3. In a process for the preparation of cyclic di-p- Xylylene which comprises forming a vaporous stream of reactive p-xylylene diradicals having the formula Percent Chromium 28-32 Nickel 18-22 Carbon 0.20-0.60 Rare earth metal 0.001-0.3 Molybdenum Up to about 0.5 Manganese Up to about 2.0

Silicon Up to about 2.0

with the remainder of said alloy composition being iron, said rare earth metal deactivating said composition.

4. In a process for the preparation of cyclic di-p- Xylylene which comprises forming a vaporous stream of reactive p-xylylene diradicals having the formula by the pyrolysis of p-Xylene at temperatures from about 900 C. to about 1000 C., condensing said vaporous stream in a fluid medium containing an inert organic solvent maintained at a temperature below about 300 C., and thereafter recovering the cyclic dimer, di-p-Xylylene,

with the remainder of said allow composition being nickel, said rare earth metal deactivating said composition.

5. In a process for the preparation of cyclic di-p- Xylylene which comprises forming a vaporous stream of reactive p-Xylylene diradicals having the formula by the pyrolysis of p-xylene at temperatures from about 900 C. to about 1000 C., condensing said vaporous stream in a fluid medium containing an inert organic solvent maintained at a temperature below about 300 C., and thereafter recovering the cyclic dimer, di-p-Xylylene, the improvement which comprises rendering the pyrolysis environment non-catalytic to .side reactions by conducting the pyrolysis in contact with an alloy composition consisting essentially of:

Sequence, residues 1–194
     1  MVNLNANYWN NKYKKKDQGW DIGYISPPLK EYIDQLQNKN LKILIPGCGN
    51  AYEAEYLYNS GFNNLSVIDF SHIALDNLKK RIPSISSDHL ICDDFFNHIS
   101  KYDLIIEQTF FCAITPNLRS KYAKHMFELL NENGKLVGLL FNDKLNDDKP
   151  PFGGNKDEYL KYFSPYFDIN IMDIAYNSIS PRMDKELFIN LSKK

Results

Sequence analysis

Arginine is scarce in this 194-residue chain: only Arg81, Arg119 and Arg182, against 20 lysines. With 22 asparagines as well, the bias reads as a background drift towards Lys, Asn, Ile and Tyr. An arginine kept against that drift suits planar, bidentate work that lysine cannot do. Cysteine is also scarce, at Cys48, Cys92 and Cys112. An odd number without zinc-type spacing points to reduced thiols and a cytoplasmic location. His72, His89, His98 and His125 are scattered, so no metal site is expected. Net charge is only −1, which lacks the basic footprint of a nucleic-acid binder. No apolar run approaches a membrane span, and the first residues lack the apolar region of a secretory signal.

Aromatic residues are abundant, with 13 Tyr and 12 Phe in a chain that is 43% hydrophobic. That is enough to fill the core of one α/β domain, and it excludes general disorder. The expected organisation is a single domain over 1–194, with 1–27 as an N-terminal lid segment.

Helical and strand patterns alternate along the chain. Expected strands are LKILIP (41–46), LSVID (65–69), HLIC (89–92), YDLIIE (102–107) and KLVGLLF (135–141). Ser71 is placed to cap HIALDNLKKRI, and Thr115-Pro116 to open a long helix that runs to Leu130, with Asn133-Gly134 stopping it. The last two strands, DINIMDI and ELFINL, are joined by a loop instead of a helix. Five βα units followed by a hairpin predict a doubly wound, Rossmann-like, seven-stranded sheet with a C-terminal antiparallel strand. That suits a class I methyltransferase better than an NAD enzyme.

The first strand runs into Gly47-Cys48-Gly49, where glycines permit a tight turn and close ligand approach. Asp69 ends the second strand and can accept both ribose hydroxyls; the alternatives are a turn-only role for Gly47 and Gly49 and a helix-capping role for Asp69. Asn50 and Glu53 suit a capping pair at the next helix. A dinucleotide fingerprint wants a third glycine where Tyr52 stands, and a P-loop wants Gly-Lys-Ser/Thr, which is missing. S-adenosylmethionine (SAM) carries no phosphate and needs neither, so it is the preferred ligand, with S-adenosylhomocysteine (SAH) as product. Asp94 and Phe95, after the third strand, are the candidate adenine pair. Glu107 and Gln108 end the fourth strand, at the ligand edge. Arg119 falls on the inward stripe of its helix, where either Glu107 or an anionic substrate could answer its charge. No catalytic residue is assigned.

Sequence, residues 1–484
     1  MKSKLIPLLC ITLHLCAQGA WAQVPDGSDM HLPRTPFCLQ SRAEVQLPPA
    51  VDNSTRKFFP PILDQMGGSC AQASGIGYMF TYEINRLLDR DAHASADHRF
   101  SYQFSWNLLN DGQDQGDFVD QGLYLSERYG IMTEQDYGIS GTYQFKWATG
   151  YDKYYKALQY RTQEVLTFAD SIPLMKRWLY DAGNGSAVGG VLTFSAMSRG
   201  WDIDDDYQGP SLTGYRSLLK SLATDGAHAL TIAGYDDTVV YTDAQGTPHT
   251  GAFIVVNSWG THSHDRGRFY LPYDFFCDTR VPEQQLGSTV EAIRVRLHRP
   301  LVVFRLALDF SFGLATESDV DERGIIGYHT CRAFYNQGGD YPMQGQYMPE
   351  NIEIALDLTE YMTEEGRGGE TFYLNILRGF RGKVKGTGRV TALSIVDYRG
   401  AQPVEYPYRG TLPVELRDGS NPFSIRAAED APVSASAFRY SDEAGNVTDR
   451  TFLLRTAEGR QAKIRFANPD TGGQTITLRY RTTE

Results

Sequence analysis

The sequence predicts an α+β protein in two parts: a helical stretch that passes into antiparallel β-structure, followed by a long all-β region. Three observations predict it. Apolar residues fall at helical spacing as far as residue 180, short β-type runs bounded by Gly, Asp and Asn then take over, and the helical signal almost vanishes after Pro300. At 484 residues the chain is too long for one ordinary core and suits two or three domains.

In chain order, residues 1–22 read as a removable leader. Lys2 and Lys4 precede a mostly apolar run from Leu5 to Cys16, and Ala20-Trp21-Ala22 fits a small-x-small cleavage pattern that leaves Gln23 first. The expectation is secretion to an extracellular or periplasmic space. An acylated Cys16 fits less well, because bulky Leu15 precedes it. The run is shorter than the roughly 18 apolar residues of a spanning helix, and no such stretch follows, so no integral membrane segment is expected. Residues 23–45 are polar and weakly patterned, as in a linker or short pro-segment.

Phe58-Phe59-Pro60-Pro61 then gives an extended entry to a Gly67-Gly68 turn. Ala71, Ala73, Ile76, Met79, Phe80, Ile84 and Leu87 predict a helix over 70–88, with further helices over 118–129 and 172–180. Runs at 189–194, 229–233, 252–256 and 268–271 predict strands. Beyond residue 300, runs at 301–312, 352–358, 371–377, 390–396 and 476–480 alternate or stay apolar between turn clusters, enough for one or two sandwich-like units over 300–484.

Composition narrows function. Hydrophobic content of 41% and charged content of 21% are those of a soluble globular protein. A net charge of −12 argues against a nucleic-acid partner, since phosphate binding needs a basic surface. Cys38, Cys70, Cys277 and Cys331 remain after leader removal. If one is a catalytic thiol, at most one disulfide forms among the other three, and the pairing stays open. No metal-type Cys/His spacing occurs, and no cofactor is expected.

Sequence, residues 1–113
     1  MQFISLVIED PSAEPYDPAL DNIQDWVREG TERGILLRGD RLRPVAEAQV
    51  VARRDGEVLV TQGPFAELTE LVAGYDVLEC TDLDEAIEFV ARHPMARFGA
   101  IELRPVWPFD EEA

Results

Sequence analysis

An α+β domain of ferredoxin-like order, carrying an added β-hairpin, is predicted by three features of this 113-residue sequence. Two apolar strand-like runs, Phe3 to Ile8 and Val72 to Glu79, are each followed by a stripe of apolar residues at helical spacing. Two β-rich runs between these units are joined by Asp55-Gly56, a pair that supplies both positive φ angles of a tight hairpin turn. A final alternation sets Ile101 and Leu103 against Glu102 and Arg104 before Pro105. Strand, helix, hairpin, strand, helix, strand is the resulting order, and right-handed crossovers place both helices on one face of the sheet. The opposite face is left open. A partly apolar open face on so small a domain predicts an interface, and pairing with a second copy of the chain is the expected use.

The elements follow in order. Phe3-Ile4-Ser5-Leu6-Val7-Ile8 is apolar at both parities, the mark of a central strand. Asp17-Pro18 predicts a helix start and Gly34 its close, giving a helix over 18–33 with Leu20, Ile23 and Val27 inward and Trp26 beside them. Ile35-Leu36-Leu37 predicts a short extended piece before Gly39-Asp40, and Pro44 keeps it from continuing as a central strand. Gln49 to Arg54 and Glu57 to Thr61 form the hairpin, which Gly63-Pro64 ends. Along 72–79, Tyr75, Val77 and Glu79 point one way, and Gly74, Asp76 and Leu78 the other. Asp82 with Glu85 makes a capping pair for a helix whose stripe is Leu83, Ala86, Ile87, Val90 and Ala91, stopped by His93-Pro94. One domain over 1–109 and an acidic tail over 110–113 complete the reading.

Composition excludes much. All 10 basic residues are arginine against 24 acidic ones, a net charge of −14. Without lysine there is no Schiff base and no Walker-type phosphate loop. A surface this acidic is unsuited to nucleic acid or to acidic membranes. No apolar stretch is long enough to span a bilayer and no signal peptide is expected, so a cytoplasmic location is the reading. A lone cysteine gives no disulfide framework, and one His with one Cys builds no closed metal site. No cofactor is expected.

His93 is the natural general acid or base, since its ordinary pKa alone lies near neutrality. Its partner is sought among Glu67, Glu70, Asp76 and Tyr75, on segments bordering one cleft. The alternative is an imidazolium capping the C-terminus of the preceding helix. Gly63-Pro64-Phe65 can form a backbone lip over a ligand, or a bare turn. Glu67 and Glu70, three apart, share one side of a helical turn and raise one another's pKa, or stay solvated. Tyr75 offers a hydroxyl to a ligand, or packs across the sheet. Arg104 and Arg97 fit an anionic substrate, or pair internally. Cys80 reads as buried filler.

Percent Chromium 20-23 Nickel 25-35 Carbon 0.05-0.15 Rare earth metals 0.001-0.3

Molybdenum 1-3 Copper Up to about 3.0 Manganese Up to about 1.0 Silicon Up to about 1.0 Columbium and tantalum Up to about 1.0

with the remainder of said alloy composition being iron,

said rare earth metal deactivating said composition.

References Cited by the Examiner UNITED STATES PATENTS 3,149,175 9/1964 Pollart 260-670 DELBERT E. GANTZ, Primary Examiner.

G. E. SCHMITKONS, Assistant Examiner.

Patent Citations
Cited PatentFiling datePublication dateApplicantTitle
US3149175 *Aug 22, 1960Sep 15, 1964Union Carbide CorpPreparation of di-para-xylylenes
Referenced by
Citing PatentFiling datePublication dateApplicantTitle
US3409410 *Oct 18, 1966Nov 5, 1968Union Carbide CorpHigh temperature reactor providing a constant temperature reaction zone and a final elevated temperature reaction zone
US5288504 *Aug 23, 1991Feb 22, 1994The Ronald T. Dodge CompanyPharmaceuticals microencapsulated by vapor deposited polymers and method
US5393533 *Sep 21, 1993Feb 28, 1995The Ronald T. Dodge CompanyPharmaceuticals microencapsulated by vapor deposited polymers and method
US6086952 *Jun 15, 1998Jul 11, 2000Applied Materials, Inc.Chemical vapor deposition of a copolymer of p-xylylene and a multivinyl silicon/oxygen comonomer
US6362115Dec 9, 1998Mar 26, 2002Applied Materials, Inc.In-situ generation of p-xylyiene from liquid precursors
Classifications
U.S. Classification585/403, 420/454, 420/586.1, 585/942, 420/582, 420/585, 585/410, 420/443, 420/453, 420/584.1
International ClassificationC07C2/00
Cooperative ClassificationY10S585/942, C07C2103/92, C07C2/00
European ClassificationC07C2/00